A coronal mass ejection, or CME, triggered by storms on the sun hit Earth’s magnetic field on January 17, 2013. It lit up the Arctic and Antarctic regions of Earth with auroras. Southern Hemisphere astrophotographer Colin Legg – who calls himself “a geologist by day and photographer by night” – captured this scene shortly after the CME struck. He wrote on his Facebook page:
Here is the view three minutes after the CME impact … or at least after I first saw colour on the back of the camera. The KP index got to 5 around this time. A couple of minutes later things died down. I could see the curtains naked eye, slowly moving, and would have liked to use a shorter exposure to freeze the motion. Interesting that the colour was pinker at this stage than later on.
The setting for this photo is Wilsons Promontory National Park, commonly known as Wilsons Prom or The Prom. It’s located in southern Australia.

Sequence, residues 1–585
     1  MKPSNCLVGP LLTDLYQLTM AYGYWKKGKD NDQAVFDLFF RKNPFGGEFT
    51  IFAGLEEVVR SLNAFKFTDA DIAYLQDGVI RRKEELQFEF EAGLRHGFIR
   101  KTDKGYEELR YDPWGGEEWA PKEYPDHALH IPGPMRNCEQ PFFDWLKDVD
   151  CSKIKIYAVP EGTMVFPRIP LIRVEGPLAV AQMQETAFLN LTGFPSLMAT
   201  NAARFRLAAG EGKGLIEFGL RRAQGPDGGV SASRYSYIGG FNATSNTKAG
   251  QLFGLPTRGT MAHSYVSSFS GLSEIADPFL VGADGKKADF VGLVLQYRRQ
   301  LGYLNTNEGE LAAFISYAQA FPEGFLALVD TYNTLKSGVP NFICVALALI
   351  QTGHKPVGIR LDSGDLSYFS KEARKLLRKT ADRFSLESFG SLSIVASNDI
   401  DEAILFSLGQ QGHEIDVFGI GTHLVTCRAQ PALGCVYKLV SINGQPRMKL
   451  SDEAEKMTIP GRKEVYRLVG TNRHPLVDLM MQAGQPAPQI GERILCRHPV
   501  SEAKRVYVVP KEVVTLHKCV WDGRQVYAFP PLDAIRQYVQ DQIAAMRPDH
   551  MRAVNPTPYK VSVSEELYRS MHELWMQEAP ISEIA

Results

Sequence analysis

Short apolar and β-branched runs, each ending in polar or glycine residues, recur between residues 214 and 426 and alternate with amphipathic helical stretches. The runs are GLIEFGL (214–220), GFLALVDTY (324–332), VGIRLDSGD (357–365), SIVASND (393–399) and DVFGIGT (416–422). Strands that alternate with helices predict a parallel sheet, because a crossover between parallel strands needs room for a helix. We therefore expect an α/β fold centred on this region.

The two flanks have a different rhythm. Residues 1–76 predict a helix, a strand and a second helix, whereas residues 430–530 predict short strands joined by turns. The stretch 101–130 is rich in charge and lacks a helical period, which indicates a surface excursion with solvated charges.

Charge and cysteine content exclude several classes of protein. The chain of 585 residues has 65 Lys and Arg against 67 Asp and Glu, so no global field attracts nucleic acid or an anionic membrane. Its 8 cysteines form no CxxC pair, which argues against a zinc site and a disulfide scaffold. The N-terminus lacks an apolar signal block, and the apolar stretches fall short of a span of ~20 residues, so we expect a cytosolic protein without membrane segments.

Wilsons Prom is a well-known site for seeing bioluminescence, which, in this case, is light emitted by tiny organisms living in the sea. Bioluminescent life forms make their own light and carry it in their bodies. Fireflies are another, perhaps more commonly seen example. In the oceans of our world, many creatures are bioluminescent. Just as fireflies use their lit-up abdomens to send mating signals and other forms of communication, so bioluminescent creatures of the deep use their internal ability to create light to warn or evade predators, lure or detect prey, and communicate between species members.
Bottom line: Rare photograph from astrophotographer Colin Legg of the aurora australis – southern lights – and bioluminescence. Photo taken at Wilsons Promontory in southern Australia in January, 2013.
Deborah Byrd created the EarthSky radio series in 1991 and EarthSky.org in 1994. Today, she serves as Editor-in-Chief of this website. She has won a galaxy of awards from the broadcasting and science communities, including having an asteroid named 3505 Byrd in her honor. A science communicator and educator since 1976, Byrd believes in science as a force for good in the world and a vital tool for the 21st century. "Being an EarthSky editor is like hosting a big global party for cool nature-lovers," she says.